So would Medibank Private now be attractive to potential purchasers? Last Friday, in response to yet another increase in PHI premiums, Health Insurance Association chief executive Dr. Michael Armitage said the sector only had a 2.7 per cent profit margin. ‘These rises are not going to pay out huge profits and luxurious lifestyles’, he said. On the other hand, in 2005 Medibank Private had the biggest market share, it’s book value (equity) is only $653 million and its operating profit of $131 million gave a 25 per cent return on equity; pretty attractive for a business substantially subsidised by government. In addition, out of its total assets of $1300 million, the firm had $900 million in cash. Any private company so highly cashed up would be considered ripe for a takeover.

So it’s not surprising that some in government think Medibank Private should be flogged off as soon as possible, especially before the overall slow decline in PHI membership accelerates as a result of inexorably increasing premiums. If floated on the market, some analysts think Medibank Private could be the biggest listing for years (with the exception of Telstra) with a market capitalisation estimated to be around $2 billion. The alternative approach is a trade sale. While it’s unlikely that a total sale of Medibank Private to another major fund would be approved by the Australian Competition and Consumer Commission, other funds may be interested in stripping off parts of the organisation in order to improve their own national coverage.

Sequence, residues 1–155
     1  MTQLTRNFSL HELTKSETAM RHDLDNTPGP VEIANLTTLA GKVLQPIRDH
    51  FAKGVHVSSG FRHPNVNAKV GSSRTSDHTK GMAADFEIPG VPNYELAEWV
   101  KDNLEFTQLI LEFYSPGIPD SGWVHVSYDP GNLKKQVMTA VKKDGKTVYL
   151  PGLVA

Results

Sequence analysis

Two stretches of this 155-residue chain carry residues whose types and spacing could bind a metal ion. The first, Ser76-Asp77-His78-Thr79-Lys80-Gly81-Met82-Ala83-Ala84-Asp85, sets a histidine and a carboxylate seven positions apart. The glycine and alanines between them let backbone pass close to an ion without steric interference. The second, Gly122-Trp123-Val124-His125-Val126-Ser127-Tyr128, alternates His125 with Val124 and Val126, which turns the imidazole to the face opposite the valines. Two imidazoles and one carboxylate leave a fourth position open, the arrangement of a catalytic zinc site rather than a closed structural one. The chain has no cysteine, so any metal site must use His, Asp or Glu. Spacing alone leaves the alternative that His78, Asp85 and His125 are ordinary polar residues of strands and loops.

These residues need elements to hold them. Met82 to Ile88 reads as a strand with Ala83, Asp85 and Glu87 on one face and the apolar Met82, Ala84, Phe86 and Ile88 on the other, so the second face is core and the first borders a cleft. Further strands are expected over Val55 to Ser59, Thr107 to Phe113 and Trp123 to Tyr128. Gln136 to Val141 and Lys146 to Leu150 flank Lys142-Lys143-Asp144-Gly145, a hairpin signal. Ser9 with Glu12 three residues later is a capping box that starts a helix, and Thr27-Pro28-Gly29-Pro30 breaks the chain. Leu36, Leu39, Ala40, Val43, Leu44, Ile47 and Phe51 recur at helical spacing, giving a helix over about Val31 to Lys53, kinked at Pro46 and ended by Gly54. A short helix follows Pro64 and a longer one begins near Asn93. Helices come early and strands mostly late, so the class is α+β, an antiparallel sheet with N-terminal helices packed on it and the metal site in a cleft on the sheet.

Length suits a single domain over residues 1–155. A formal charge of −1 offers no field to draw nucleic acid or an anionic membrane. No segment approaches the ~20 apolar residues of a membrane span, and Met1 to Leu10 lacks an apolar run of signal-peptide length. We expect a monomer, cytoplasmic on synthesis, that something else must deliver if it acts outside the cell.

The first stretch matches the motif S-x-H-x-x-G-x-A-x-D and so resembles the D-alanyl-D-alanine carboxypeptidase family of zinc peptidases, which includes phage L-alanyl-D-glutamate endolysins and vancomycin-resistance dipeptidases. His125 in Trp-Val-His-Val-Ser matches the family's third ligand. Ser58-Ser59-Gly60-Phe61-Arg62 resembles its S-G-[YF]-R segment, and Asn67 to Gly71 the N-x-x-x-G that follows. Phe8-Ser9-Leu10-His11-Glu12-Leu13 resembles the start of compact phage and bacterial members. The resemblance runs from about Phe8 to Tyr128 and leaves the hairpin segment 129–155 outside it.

However, the top four health funds already control around 80 per cent of the market so allowing three funds to digest portions of Medibank Private seems unlikely to produce improved performance by itself. Administrative costs might be reduced slightly by economies of scale but these savings are insignificant when compared with the cost drivers of increased premiums; increasing price of services purchased (linked to advances in medical technology) and increased utilisation by members.